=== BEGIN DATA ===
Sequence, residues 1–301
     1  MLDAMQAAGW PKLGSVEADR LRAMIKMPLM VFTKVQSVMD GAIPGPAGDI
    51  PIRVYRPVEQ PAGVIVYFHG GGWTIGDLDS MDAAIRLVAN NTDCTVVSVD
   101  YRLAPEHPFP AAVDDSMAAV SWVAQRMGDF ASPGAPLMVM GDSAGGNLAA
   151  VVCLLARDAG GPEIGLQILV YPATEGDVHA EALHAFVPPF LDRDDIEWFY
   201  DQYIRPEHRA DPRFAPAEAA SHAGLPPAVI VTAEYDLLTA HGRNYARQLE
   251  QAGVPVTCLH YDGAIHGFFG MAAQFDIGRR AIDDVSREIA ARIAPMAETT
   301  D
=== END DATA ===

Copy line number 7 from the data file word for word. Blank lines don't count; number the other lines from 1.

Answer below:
   251  QAGVPVTCLH YDGAIHGFFG MAAQFDIGRR AIDDVSREIA ARIAPMAETT